AUGUSTA — The attorney for Claudia G. Viles, the former longtime treasurer for the town of Anson, asked the Maine Supreme Judicial Court on Wednesday to overturn her convictions for embezzlement and evidence tampering.

Walter McKee told the justices at the Capital Judicial Center that there was not enough evidence presented by the state to support the conviction for theft by deception or tampering.

“This was a circumstantial case,” he said. “There was not sufficient proof of actual possession except for conjecture.”

Viles, now 67, of North Anson, was convicted June 22, 2016, in Skowhegan of theft and tampering with public records or information as well as 11 counts of failure to make or file tax returns. She is not appealing the convictions on the tax charges.

Viles maintained others could have taken the money from the Town Office because they had access. Associate Justice Ellen Gorman noted the town saw “systematic shortfalls between 2010 and 2013,” and asked if McKee had a problem with the “chain of custody of the money.”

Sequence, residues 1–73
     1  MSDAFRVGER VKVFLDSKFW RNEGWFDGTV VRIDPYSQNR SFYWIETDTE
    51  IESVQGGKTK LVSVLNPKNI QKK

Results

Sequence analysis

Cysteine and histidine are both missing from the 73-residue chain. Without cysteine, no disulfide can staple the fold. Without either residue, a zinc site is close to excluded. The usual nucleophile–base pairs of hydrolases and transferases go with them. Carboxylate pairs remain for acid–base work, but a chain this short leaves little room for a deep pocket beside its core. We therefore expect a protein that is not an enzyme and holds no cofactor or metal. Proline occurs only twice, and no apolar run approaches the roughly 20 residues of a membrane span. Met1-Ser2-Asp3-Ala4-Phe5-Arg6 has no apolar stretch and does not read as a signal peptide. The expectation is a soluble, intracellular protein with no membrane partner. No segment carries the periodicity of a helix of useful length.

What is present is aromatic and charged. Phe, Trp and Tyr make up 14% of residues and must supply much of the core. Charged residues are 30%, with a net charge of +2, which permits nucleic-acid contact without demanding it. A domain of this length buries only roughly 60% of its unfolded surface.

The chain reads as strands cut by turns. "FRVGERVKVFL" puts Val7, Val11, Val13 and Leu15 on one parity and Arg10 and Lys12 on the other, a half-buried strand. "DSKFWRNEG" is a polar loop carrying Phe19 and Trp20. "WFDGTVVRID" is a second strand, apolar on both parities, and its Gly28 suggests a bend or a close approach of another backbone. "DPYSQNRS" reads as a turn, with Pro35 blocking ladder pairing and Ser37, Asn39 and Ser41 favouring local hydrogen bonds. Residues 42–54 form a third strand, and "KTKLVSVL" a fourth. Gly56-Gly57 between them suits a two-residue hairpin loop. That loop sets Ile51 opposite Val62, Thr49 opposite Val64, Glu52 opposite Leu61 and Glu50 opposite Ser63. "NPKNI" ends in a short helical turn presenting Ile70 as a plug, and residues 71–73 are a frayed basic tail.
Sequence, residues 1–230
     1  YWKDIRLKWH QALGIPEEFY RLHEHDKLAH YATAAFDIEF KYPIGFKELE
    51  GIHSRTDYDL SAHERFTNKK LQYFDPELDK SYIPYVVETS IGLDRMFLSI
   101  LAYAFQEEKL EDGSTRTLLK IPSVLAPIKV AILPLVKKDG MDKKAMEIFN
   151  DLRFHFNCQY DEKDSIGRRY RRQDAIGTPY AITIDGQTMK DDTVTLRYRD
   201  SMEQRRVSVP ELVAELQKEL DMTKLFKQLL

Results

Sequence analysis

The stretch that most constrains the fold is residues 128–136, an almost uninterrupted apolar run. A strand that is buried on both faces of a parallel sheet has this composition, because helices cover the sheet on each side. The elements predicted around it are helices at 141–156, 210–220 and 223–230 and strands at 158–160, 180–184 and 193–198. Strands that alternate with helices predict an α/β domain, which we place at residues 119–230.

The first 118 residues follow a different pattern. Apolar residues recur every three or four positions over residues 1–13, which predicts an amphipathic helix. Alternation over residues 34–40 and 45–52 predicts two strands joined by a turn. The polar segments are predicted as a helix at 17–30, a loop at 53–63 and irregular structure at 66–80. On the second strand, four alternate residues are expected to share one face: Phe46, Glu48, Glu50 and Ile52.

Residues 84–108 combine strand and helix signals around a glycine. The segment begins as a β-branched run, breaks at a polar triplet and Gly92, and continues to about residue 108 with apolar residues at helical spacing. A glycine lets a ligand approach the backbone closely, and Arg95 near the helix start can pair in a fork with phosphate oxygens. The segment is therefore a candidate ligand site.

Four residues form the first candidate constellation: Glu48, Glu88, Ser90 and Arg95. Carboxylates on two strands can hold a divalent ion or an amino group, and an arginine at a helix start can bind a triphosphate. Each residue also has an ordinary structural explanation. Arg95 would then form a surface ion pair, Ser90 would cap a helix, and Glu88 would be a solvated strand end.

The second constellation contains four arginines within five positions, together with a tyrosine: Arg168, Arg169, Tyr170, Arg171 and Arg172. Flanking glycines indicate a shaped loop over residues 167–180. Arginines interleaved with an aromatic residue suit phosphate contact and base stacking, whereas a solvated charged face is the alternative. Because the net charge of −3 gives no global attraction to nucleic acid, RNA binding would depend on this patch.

McKee, who defended Viles at the trial as well, responded, “We’re dealing with a gap of evidence within the circumstantial evidence that the state presented.”

Assistant Attorney General Leanne Robbin, who also prosecuted the case at trial, told the six-justice panel, “The paper trail pointed to one person.” She said Viles’ initials were on “every single form,” including deposit slips. “She was the only person who had custody pending the deposits, and she would have known if there were shortfalls.”

Associate Justice Joseph Jabar asked Robbin what happened to the $500,000-plus that was taken.

“She made that hard,” Robbin said, adding that Viles deposited her checks into the bank twice a year and withdrew cash.

However, Robbin said information presented at Viles’ sentencing shows she owns her home in North Anson, another rental property there, as well as a seasonal residence in Embden.

After the hearing, McKee addressed that in an email, saying, “What the state still cannot explain here is that if Claudia Viles stole more than half a million dollars why is it that after all these years and investigation they never found a single trace of it? Claudia’s answer to this question is clear: because she never took it in the first place.”